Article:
Pat Downs and Officer Protection (reasonable belief detainee is presently armed and dangerous)

The protection of police officers prong of exigency is often seen in “pat downs.” This type of limited search is what we see on television when an officer asks a person to turn around and pats their clothes for the presence of weapons.  If a person is being detained on a traffic stop, or otherwise, an officer can pat that person down for the presence of weapons if they reasonably believe that the person is currently armed and dangerous.  In reality, pat downs are upheld with little or no facts to suggest that a person is currently armed.  This limited search is upheld in most fact scenarios to protect law enforcement.

Destruction of Evidence (probable cause + objective facts to indicate a person is destroying, or preparing to destroy, evidence)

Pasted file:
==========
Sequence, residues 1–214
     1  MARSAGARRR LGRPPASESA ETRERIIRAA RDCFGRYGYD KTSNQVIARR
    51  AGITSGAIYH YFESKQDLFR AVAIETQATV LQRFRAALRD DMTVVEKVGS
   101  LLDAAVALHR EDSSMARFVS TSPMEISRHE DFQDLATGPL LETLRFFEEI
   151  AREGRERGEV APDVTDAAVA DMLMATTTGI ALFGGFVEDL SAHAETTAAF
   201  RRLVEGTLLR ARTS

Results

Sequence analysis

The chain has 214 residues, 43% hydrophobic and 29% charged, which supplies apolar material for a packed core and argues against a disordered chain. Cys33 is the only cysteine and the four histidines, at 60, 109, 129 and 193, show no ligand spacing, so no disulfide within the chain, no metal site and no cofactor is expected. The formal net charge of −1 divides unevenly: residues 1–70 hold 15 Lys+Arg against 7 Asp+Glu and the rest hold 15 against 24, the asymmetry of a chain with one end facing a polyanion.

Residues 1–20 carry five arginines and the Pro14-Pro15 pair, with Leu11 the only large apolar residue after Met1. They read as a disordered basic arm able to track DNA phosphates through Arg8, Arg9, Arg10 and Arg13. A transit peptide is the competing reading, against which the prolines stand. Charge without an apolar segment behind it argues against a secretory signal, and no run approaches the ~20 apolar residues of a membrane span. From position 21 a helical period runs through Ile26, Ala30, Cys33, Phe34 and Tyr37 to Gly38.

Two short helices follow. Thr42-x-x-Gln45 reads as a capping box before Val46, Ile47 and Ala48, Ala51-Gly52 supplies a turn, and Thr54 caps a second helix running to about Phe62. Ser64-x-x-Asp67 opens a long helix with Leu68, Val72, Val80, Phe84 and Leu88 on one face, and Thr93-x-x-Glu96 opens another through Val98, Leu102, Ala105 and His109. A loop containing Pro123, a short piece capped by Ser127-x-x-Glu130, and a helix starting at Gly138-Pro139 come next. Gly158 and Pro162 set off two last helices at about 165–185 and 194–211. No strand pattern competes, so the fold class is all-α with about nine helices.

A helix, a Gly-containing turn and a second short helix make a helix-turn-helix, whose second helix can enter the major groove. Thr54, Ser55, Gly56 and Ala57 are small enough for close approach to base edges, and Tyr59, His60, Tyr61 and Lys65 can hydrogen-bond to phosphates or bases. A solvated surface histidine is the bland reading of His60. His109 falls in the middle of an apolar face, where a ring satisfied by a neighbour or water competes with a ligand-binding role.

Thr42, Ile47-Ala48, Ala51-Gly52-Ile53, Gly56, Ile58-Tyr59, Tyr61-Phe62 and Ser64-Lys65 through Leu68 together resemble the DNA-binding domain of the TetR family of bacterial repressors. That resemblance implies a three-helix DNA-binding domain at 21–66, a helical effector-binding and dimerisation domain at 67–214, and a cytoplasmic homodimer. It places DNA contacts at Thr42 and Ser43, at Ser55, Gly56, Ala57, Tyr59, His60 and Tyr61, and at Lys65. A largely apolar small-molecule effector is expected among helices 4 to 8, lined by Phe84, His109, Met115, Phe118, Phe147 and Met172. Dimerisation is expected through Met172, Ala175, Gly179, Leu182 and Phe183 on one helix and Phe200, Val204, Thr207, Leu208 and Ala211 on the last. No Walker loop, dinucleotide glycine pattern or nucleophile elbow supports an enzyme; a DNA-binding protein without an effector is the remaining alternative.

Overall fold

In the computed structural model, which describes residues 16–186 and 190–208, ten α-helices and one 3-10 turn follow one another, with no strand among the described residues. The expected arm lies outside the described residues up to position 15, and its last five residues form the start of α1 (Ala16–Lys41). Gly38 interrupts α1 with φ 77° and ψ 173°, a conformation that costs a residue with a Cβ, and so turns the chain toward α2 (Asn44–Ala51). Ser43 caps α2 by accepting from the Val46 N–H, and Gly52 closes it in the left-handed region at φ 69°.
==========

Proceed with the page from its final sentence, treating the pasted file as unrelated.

The preventing destruction of evidence prong is the exception that was at issue in Meane v. State.  If an officer has probable cause to believe that a person is in possession of contraband, they may search that person, or their home, if they have facts to suggest that the person is currently destroying evidence or preparing to do so.  Let’s say an officer knocks on a person’s front door.  When the door opens, he smells a strong odor of marijuana coming from the home.  This would establish probable cause to believe that marijuana is in the home, but there is no exception that allows an officer to enter a home based on probable cause alone.  The officer would still need a warrant to enter.  That changes if we add the following facts:  as he peers inside, he sees a guy running to the bathroom, and seconds later, the toilet flushes.  The officer would not have to wait for a warrant to enter the home in that situation. The equation would be met – strong odor of marijuana (probable cause) + facts suggesting a person is currently destroying evidence (exigency exception) = lawful search.